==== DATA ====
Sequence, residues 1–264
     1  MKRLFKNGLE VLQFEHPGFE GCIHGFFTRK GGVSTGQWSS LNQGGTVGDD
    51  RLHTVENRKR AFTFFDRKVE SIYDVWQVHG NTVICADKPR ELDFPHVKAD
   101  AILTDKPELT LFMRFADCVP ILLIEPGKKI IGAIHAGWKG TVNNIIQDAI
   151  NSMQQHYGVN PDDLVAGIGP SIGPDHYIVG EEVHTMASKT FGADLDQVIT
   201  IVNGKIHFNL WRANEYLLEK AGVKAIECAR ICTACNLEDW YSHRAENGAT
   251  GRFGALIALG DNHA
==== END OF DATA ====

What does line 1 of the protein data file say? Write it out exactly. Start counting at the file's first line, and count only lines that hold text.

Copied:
Sequence, residues 1–264